Friday, February 22, 2013

I'm a Writer! Authors as Mentors Encouraging kids to Write

We recently spent a month doing a lesson on Authors as Mentors. This is where we really delve into one author's work and read several of his/her books, analyze and discuss the writing and finally, try to model our own writing after our author mentor. We did this in our Reading Club and Writer's Workshop.

I did some research on what authors to include and I settled on Tomie DePaola and Patricia Polacco. My older daughter had done this same lesson when she was in school and she loved the Tomie DiPaola books and I still had them so it seemed natural to start this lesson with his work.

·        We reviewed different writing techniques such as simile, alliteration, metaphor, hyperbole, and onomatopoeia.

·        We practiced using those techniques.

·        We talked about Tomie DePaola and we read a brief biography to understand how Tomie became an author and illustrator. We also learned how he comes up with ideas for his stories.

·        I read aloud one of his books and we tried to find some of the writing techniques we had previously learned.

·        In Writer's Workshop, we brainstormed ideas for our own story. We talked about things that were happening in Buttercup's life at the time (ice skating lessons, a visit to her cousins' house, getting our Christmas picture taken)

·        I encouraged Buttercup to write down all of those ideas. For now, we would only pick one, but we agreed that it would be good to keep a list for future stories.

·        She picked a topic and told the story on 5 fingers.

·        Then, she wrote those 5 sentences down.

·        We alternated days in Reading Club and Writer's Workshop; that means, we would read aloud on one day, and do some writing the next day.

      ·        In Reading Club, we read other Tomie DePaola books and talked about writing      techniques that he used in all of the books we read.

·        Some of the things we noticed were:

o   He names the setting within the first sentence.

o   He uses words in Italian.

o   He uses words in bold letters for emphasis.

o   He uses what we call the list of 3 (naming 3 things within a sentence).

o   His stories are about him or things he heard or experienced growing up.

·        Since Buttercup had already written her story in 5 sentences, we went back to edit the story and try to include some of our mentor author's techniques.

·        When Buttercup was happy with her story, we cut out strips of paper (5, one for each sentence of her story). She re wrote her sentences on each strip of paper.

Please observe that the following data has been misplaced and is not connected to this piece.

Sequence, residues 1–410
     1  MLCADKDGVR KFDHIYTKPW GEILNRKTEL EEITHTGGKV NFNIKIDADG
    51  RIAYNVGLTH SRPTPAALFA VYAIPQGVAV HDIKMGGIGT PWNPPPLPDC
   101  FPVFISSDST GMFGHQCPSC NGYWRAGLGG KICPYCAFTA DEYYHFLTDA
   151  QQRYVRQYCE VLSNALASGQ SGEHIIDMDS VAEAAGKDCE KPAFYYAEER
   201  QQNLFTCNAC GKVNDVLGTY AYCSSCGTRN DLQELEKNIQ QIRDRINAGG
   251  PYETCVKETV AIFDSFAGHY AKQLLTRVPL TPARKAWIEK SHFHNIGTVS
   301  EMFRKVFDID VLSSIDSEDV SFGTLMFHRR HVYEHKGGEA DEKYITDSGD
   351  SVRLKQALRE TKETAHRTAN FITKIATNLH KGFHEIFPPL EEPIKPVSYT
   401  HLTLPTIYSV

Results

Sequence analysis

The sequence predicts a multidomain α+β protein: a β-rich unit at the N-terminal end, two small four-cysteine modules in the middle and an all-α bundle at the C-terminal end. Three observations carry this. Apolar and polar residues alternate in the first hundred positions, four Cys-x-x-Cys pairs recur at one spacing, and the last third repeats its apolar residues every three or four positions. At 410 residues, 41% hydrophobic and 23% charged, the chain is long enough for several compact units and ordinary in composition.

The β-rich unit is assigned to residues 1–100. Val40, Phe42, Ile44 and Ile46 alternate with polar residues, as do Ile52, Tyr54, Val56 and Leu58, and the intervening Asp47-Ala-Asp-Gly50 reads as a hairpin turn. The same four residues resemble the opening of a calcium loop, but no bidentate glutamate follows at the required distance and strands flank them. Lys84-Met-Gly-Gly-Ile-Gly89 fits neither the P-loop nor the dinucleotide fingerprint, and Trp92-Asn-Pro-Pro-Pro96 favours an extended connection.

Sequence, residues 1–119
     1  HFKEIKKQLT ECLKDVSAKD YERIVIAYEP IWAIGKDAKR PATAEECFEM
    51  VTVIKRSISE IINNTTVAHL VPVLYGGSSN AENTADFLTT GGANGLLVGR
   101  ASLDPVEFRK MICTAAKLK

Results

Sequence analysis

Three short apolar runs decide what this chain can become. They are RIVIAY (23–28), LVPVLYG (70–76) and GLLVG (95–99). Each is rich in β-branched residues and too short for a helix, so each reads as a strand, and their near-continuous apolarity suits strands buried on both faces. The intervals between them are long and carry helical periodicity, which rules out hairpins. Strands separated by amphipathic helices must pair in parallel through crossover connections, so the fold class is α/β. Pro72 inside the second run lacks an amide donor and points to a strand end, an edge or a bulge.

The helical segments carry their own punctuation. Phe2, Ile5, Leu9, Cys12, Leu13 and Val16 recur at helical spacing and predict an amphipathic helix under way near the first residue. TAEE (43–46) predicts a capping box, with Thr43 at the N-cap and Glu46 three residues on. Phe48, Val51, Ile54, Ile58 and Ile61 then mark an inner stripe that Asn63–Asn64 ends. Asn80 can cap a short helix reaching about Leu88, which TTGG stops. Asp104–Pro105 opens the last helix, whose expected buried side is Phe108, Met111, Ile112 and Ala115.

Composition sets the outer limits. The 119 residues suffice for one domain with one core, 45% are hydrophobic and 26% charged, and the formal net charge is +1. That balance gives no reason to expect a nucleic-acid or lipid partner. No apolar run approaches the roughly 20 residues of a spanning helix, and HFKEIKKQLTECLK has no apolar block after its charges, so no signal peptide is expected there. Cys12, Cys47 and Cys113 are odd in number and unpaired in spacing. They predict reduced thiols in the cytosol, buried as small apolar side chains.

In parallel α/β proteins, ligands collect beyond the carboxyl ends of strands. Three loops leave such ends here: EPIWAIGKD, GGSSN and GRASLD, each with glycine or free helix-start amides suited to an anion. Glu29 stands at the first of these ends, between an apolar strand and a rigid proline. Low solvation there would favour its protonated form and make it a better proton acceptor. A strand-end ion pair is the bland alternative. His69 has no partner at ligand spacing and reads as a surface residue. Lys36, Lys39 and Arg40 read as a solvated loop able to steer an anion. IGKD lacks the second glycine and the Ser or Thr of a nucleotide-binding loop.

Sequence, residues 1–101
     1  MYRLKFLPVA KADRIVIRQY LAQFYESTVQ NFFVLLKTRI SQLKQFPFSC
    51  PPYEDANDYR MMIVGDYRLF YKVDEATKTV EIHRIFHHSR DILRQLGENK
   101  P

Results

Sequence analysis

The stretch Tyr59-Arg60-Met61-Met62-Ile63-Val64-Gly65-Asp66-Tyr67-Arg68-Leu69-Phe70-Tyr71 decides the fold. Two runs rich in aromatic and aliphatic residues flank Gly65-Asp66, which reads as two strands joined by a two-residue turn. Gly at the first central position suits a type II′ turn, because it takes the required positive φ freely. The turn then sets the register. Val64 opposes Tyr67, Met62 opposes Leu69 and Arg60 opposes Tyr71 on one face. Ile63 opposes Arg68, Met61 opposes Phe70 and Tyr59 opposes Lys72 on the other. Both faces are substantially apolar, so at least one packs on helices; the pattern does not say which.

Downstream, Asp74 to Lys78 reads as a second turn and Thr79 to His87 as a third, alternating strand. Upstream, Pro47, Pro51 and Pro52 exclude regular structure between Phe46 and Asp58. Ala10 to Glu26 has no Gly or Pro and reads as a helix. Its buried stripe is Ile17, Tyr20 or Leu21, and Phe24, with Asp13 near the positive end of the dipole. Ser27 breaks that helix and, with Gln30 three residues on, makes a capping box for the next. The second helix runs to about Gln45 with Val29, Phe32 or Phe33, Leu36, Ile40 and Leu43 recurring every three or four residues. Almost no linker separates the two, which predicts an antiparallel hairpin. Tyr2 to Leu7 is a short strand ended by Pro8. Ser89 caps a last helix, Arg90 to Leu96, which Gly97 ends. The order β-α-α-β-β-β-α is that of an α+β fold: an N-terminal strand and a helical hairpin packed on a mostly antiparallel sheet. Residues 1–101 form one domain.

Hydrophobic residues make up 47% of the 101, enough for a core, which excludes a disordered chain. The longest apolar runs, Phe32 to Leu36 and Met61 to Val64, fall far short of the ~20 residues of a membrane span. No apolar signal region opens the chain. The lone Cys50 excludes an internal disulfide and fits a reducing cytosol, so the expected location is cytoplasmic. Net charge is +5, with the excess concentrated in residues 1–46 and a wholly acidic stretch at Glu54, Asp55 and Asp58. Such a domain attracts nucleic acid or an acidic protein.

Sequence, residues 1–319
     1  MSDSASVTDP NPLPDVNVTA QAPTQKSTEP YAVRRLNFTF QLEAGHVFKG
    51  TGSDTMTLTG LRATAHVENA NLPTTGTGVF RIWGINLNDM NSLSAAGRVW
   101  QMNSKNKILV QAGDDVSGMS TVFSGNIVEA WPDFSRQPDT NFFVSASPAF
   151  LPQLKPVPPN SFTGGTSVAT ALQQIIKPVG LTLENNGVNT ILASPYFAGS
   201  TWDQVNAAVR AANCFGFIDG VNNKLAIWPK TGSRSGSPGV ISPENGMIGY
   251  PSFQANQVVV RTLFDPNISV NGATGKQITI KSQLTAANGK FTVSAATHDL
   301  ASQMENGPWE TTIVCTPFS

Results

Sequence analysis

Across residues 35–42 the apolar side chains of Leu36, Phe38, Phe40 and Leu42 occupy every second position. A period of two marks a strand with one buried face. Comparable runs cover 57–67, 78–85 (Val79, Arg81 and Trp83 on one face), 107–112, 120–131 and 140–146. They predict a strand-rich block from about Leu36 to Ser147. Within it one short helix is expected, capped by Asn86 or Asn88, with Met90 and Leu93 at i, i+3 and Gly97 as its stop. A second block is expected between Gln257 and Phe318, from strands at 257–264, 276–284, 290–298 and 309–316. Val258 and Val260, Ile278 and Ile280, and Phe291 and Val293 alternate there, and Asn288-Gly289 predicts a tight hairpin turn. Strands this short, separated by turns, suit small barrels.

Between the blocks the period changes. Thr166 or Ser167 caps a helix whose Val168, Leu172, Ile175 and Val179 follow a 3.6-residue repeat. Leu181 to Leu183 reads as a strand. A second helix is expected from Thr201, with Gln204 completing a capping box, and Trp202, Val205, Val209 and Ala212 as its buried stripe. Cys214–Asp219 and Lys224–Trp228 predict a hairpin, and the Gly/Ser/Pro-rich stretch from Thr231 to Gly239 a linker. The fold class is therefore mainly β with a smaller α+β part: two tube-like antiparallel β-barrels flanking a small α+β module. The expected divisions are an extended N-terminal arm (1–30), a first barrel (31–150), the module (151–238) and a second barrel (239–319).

·        She then glued the sentences to the bottom of a bigger piece of construction paper.

·        Next, Buttercup made a drawing to go along with each sentence of her story. As our mentor author is also an artist and illustrated his own books, we thought it would be perfect for Buttercup to illustrate her book too.

Buttercup is so proud of her book. She loves to go back and read it every once in a while. Writing was such a challenge for her because she thought it was boring and never had ideas. Giving her some structure, encouraging her to jot down moments she may want to remember later, and guiding her through the process has made the writing process much easier.

We followed the same process as we read through some of Patricia Polacco's books. And Buttercup wrote another book.


Sunday, February 17, 2013

Hands on electronics projects

I recently had the opportunity to do a fun hands on science project with Buttercup. It was an electronics project from EEME's hands-on projects teach kids about electronics. Each project is paired with online curricula to not only guide the kids in assembling the project but also to teach the concepts applied.

This is what is included in the kits:

  • A fun indoor activity to do with your 7-12 year old that will teach them something at the same time!
  • A project kit in the mail with all the material needed to build your project (including a breadboard, resistors, circuits, LEDs, battery)
  • A set of online videos that will (1) teach you and your kid how to put together the kit, and (2) explain the electrical engineering concepts behind it